The mortgage risk

The BoI deserves unstinting support for at least trying to break the vicious cycle of rising real estate prices and low interest rates.

February 7, 2015 20:59
3 minute read.
Karnit Flug at her office on February 3, 2015

Karnit Flug at her office on February 3, 2015. (photo credit: MARC ISRAEL SELLEM)


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The Bank of Israel last week repeated its warning that the housing market – more specifically, cheap mortgages – poses the single greatest threat to our financial system. In its Monetary Policy Report for the second half of 2014, the BoI continues to draw attention to an escalating risk – real estate prices are spiraling while mortgage rates are at a historical low.

This encourages borrowing by buyers who may not be able to repay what they owe. The upshot could throw the banks out of kilter, in which case none of us would remain unaffected.

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Just like any living body, the economy – or given segments thereof – can catch fever. For a long time the thermometer has been pointing to spiking temperatures in the real estate sector. This is nothing we can afford to overlook. As in physiology, one ailing organ affects the whole.

The BoI has sounded the alarm previously, most recently in its Financial Stability Report. Yet somehow public opinion appears unimpressed and unperturbed. If anything, populist pressure for cheaper housing and laxer mortgage controls only grows. This is patently dangerous.

The American experience, which spawned the subprime crisis of 2008 and subsequent global recession, should rob us of our peace of mind. Some of the symptoms presented in our mortgage markets are similar and can trigger dire consequences, even if not quite at the level of the US disaster.

Our mortgage system is significantly different from America’s. It’s impossible here to obtain a loan that covers 100 percent of the purchased property’s value. Buyers have to invest and often need guarantors. Still, transactions are disturbingly more leveraged than they had ever been. It is getting appreciably easier to obtain mortgages in Israel and this entices many to take out whopping loans by yesteryear’s standards.

First-time home-buyers can obtain a 75% mortgage – once inconceivable in Israel. Families upgrading their accommodations are eligible for 70%. Investors (including overseas buyers) – who are acquiring real estate not for their own residence – are entitled to borrow 50% of the total cost.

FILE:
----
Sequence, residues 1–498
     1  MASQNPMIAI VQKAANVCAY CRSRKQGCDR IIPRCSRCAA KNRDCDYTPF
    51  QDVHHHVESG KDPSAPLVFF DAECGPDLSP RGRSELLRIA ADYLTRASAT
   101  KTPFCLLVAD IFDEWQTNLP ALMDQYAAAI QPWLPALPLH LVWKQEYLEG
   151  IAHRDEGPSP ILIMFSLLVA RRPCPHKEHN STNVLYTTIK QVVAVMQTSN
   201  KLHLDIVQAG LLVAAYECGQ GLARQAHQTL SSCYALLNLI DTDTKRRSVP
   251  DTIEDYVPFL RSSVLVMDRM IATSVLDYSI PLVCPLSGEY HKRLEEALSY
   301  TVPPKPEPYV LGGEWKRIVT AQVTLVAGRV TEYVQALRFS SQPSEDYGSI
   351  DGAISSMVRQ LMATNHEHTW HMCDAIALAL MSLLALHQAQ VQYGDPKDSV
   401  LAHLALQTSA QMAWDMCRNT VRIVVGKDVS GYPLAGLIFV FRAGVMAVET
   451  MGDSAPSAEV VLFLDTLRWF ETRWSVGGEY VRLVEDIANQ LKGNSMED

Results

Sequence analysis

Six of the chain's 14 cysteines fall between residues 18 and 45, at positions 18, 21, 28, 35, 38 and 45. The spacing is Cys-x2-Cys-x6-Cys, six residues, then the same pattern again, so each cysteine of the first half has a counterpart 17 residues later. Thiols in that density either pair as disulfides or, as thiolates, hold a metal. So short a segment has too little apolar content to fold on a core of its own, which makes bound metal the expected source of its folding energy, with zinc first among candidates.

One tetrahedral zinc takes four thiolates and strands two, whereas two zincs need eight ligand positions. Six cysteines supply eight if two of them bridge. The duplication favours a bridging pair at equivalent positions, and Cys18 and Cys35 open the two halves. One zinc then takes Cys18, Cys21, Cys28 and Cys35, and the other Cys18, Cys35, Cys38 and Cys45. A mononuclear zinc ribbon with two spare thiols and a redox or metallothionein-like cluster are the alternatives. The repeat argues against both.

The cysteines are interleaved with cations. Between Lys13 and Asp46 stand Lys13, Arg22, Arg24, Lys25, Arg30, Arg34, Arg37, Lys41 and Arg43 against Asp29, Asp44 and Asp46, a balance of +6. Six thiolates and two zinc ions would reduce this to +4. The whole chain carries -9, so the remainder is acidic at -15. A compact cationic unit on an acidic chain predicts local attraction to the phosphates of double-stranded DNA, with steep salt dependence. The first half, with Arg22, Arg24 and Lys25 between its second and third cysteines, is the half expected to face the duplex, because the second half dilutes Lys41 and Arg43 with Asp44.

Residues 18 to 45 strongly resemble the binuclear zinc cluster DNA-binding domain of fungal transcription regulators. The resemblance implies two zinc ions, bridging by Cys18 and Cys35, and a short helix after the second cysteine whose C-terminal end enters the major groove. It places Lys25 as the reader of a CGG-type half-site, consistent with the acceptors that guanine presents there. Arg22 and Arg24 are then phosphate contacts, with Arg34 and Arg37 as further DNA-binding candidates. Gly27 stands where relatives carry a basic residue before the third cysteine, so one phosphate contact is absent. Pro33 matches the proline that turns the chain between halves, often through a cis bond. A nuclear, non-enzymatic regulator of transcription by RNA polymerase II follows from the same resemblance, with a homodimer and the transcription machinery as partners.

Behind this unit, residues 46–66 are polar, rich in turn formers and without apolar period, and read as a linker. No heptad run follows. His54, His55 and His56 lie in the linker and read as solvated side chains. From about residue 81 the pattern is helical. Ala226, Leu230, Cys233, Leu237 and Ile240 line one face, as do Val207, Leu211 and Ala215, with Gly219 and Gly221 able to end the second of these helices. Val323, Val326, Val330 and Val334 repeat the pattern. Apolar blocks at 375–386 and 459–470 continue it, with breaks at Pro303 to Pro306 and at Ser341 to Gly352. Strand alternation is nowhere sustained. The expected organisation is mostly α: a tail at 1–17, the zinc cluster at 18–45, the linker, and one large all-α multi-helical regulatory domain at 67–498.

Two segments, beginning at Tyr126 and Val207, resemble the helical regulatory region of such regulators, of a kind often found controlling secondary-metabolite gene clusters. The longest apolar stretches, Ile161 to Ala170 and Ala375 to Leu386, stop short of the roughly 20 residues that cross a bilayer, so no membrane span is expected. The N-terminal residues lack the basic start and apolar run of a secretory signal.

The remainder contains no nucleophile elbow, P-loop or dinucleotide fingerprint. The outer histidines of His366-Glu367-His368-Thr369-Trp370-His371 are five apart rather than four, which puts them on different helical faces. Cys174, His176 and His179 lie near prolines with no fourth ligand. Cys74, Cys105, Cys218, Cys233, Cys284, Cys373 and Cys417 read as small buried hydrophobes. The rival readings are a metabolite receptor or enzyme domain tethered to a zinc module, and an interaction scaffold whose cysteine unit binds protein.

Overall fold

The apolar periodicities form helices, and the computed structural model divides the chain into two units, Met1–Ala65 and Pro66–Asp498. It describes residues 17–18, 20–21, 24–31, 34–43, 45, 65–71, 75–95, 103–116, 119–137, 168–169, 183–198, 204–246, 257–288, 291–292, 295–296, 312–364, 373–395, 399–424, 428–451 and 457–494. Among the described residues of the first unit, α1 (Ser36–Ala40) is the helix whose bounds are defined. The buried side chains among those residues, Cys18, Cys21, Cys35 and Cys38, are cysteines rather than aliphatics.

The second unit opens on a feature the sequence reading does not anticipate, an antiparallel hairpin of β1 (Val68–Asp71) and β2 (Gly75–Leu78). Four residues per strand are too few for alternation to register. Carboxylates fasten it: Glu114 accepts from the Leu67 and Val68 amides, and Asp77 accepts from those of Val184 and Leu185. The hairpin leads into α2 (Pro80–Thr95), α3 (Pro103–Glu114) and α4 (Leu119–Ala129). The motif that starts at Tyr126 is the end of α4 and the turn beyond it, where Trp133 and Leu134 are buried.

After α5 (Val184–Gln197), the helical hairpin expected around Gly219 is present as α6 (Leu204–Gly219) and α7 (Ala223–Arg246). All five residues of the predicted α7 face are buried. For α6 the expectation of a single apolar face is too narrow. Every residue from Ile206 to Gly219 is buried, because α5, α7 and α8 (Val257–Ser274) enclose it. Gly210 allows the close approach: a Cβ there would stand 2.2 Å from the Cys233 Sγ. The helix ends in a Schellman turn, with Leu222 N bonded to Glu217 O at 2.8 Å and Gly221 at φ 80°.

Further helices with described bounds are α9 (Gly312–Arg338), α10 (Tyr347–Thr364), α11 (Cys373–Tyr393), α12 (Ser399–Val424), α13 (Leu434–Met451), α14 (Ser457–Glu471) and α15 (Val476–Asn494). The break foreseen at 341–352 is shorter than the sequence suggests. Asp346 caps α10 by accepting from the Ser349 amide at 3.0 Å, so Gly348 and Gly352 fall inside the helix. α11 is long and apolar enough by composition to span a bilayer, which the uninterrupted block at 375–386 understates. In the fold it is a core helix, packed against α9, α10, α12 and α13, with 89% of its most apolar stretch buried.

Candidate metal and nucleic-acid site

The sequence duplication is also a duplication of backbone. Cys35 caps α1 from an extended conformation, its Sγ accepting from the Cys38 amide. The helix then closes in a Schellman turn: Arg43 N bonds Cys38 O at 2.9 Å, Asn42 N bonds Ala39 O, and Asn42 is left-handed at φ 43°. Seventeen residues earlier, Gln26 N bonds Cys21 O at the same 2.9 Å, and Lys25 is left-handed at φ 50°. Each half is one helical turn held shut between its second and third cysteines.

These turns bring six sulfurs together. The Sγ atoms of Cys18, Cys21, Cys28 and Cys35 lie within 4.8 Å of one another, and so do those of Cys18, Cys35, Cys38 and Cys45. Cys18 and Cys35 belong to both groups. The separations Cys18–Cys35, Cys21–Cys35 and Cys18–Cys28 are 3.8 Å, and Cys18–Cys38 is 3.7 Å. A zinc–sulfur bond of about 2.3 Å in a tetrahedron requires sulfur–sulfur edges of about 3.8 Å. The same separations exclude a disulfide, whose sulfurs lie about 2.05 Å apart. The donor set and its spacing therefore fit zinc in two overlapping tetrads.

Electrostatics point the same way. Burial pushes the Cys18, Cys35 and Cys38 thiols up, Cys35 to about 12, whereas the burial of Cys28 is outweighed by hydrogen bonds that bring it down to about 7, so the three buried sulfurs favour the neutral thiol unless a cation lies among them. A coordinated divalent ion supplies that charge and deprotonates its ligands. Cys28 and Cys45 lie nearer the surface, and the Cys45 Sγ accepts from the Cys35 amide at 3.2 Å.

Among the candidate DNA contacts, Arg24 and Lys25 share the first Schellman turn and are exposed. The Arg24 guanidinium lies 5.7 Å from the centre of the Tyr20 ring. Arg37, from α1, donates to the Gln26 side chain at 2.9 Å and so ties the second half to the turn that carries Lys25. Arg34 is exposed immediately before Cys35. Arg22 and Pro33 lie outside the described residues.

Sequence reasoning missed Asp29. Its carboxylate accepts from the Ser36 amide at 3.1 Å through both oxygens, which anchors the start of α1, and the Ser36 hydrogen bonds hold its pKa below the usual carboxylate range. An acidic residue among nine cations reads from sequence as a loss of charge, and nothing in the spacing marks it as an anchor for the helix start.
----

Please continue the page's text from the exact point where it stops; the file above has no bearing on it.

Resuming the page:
The latter category of purchasers, as distinct from home-buyers, accounts for at least a third of all real estate transactions in this country and their numbers are growing, sending prices spiraling upward.

The danger is that many of the borrowers may be getting in way over their heads. They may lack the wherewithal to ensure they can keep up monthly payments on their floating-rate mortgages in the event of interest rate hikes.

This is a precarious situation for the borrowers, for the lenders (the banks) and down the line it could damage the resilience of our banks, which need to amass the capital to secure the mortgages they liberally offer.

The culprit that overheats the housing market is low interest and the resultant attractiveness of mortgages.

A major incentive not to raise interest rates is to keep the shekel from being overvalued. Even marginally higher rates than the worldwide rock bottom would make Israel’s currency enticing for foreign speculators, because investment in the shekel could generate greater income than in other currencies.

This would perforce boost the shekel but in turn would make Israeli products and services more expensive in the international marketplace and, therefore, less competitive.

Unavoidably this would lead to loss of markets, business failures and massive layoffs. As Israeli exports are hurt, jobs are lost locally.

All this must be taken into consideration. Clearly, fiscal economics is foremost an ultra-chancy high wire act.

Even the slightest misstep can result in what Fannie Mae and Freddie Mac wrought to America. Israelis might not be overextending themselves quite as grotesquely as their American counterparts did, but – in a worrying departure from what was once common here – they are fast headed in that general direction.

This is hardly the exclusive headache of eager banks and impulsive clients. The country’s economic well-being hangs in the balance. The BoI therefore deserves unstinting support for at least trying to break the vicious cycle of rising real estate prices and low interest rates.

In combination, these are the classic ingredients for a mega-crisis.

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